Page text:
Washington, D.C. - Speaker Nancy Pelosi spoke on the House floor this afternoon in strong support of a House resolution to condemn the violent attack at the U.S. Holocaust Memorial Museum yesterday and to honor the bravery and dedication of museum employees and security personnel. The House passed the resolution by a vote of 413 to 0. Below are the Speaker's remarks.
“When the news came to the Capitol of what had happened at the U.S. Holocaust Museum, we were shaken -- shaken to the core that this could possibly happen. The resolution today allows us to express some of the grief that we have and the strongest denunciation of the despicable hate crime perpetrated yesterday, and to express our strong support of the work of the U.S. Holocaust Memorial Museum.
“Some of us were there that rainy, rainy day in 1993 when the Holocaust Memorial was dedicated -- the U.S. Holocaust Memorial Museum. Elie Wiesel spoke to us so profoundly about what it meant, not only in terms of memory and never forgetting what happened in the Holocaust, but what our responsibility it is to the future at the time the Bosnian crisis was happening.
“And so, while the Holocaust Memorial Museum is about something that happened in the past, it is a memorial and a reminder to us about ridding our societies of these kinds of attitudes. So how ironic that this person, this individual, would go into that museum with hate in his heart, a gun in his hand, and kill this beautiful man, Stephen Johns, who really gave his life -- he guarded others with his life.
“And I'd like to take a moment to pay special tribute to Stephen Johns, whose life was cruelly taken yesterday. Stephen was known to his colleagues as ‘a soft-spoken, gentle giant.' Stephen loved his hometown football team, the Redskins, and he loved to travel across the United States. Sad to say -- well it was a happy moment for him, but sad that in such a short time, he had married and moved to Temple Hills, Maryland, just 10 minutes from his mother.
“Stephen died in the line of duty, doing his job to protect those who came to the United States Holocaust Memorial Museum. Today, we honor his sacrifice and his service.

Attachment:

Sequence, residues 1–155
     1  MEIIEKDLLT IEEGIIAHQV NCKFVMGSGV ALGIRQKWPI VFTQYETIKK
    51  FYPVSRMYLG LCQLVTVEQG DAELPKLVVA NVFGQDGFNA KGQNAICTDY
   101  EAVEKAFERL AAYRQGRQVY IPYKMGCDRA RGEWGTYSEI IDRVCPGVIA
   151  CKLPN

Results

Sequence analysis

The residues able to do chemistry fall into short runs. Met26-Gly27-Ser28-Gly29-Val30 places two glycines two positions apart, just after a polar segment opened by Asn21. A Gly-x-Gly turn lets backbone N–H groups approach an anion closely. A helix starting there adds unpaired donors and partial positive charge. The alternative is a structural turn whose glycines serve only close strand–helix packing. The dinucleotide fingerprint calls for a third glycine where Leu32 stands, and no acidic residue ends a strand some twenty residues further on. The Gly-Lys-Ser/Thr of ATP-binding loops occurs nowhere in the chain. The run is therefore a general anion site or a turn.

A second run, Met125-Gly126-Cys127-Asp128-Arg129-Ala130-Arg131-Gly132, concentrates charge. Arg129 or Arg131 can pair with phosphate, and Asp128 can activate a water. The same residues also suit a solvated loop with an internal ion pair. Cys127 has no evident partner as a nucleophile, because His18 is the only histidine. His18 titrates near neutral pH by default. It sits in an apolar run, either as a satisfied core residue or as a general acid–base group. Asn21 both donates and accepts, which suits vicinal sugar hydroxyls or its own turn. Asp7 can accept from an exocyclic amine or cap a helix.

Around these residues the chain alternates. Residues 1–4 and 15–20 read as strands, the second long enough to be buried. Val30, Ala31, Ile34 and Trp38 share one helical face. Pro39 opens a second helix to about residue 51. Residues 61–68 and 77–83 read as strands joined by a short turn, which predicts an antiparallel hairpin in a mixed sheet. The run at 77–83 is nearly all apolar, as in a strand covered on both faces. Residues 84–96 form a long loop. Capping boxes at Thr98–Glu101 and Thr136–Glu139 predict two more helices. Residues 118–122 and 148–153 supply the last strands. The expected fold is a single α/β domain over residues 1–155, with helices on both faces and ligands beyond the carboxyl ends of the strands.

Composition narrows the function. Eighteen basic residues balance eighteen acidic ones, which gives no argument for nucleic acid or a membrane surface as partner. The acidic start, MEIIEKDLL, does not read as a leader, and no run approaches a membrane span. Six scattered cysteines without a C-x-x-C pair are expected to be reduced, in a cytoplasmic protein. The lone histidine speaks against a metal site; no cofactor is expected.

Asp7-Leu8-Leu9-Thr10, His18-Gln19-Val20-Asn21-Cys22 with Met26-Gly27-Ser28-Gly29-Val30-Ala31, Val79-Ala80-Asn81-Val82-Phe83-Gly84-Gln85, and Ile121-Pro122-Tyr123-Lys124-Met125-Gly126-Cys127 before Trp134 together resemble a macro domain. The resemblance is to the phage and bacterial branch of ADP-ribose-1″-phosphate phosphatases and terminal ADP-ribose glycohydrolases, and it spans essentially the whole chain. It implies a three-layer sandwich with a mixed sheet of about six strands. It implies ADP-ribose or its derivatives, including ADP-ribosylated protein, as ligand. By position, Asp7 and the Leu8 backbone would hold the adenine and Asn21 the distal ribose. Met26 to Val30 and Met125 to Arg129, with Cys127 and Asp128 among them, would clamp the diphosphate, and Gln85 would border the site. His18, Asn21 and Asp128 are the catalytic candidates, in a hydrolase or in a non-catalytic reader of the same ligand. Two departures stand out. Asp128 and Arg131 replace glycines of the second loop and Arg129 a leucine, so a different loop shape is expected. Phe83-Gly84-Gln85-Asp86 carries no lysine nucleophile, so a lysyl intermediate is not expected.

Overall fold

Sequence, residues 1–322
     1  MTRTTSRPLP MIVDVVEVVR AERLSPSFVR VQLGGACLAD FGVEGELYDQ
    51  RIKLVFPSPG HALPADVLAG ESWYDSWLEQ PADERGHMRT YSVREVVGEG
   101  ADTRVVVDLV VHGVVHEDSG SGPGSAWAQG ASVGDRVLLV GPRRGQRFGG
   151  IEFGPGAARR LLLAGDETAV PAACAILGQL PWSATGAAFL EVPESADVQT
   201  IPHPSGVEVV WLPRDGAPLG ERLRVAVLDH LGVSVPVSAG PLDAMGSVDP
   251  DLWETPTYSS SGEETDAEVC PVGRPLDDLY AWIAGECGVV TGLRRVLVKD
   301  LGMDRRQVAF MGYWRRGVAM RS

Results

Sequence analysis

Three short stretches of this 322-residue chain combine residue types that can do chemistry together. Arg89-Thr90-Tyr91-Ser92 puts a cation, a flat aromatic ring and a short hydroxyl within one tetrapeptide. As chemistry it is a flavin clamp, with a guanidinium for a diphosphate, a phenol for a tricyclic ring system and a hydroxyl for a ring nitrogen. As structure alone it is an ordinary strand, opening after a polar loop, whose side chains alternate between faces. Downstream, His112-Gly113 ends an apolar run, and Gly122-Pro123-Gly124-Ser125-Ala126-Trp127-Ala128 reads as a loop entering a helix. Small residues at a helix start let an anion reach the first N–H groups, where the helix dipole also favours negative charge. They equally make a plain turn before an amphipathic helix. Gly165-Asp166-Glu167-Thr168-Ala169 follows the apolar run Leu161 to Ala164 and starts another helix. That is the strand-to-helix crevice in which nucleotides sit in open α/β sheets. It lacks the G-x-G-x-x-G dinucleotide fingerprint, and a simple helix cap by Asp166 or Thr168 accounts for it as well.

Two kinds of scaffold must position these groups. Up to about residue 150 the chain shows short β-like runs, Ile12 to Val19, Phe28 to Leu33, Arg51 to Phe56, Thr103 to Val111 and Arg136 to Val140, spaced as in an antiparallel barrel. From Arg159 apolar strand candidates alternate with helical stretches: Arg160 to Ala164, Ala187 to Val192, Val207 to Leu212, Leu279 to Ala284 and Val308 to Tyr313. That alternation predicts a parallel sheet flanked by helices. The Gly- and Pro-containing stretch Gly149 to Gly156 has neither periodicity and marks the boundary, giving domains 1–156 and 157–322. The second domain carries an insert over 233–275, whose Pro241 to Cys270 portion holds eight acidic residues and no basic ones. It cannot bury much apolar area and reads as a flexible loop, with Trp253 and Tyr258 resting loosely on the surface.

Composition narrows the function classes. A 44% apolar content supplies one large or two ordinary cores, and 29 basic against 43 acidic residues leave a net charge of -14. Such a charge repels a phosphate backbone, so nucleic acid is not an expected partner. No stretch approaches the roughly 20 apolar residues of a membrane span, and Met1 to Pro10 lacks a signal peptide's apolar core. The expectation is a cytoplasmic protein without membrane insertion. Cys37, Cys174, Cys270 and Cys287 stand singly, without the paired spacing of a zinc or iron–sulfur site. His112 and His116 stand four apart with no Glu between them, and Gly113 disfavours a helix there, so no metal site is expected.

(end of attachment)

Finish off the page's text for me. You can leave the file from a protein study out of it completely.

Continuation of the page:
“In the U.S. Holocaust Memorial Museum -- anyone who's visited there knows -- there is a flame that burns in remembrance to all who died in the Holocaust. It lights the room over a coffin of earth gathered from the death camps, concentration camps, sites of mass execution and ghettos in Nazi-occupied Europe, and from cemeteries of American and European soldiers who fought and died to defeat Nazi Germany.
“Engraved above that flame it says, from Deuteronomy (4:9): ‘Only guard yourself and guard your soul carefully, lest you forget the things your eyes saw, and lest these things depart your heart all the days of your life, and you shall make them known to your children, and your children's children.'
“Today, we commit to telling our future generations the truths shared at the Holocaust Museum. This heinous act was committed at the entrance to sacred ground for us at the Holocaust Museum, and as I described, where some of the earth was gathered from.
“This is a severe blow to all of us who care about these issues, and I would include in that everyone in the Congress of the United States and in our great country, and those throughout the world who promise never to forget. So we commit never to forget. And we commit to continuing our work to build a world free of hatred.
“Again, I thank our colleagues for giving us the time to publicly mourn this horrible, horrible event, to extend our condolences to the family of that brave guard, and also to acknowledge that like Stephen Johns, our own Capitol Police, and many others who make this area safer for people to visit from all over the world. To make it safer for us to do our jobs here, make it safer for the press to cover us, make it safer for our staffs to work, to express our deep gratitude to them.
“For us, the names Gibson and Chestnut are forever emblazoned in our hearts. Two of those committed to guard the Capitol, whose lives were taken over 10 years ago. We will add to that list Stephen Johns and never forget the sacrifice he made and never forget our responsibility, to end the world of hatred.”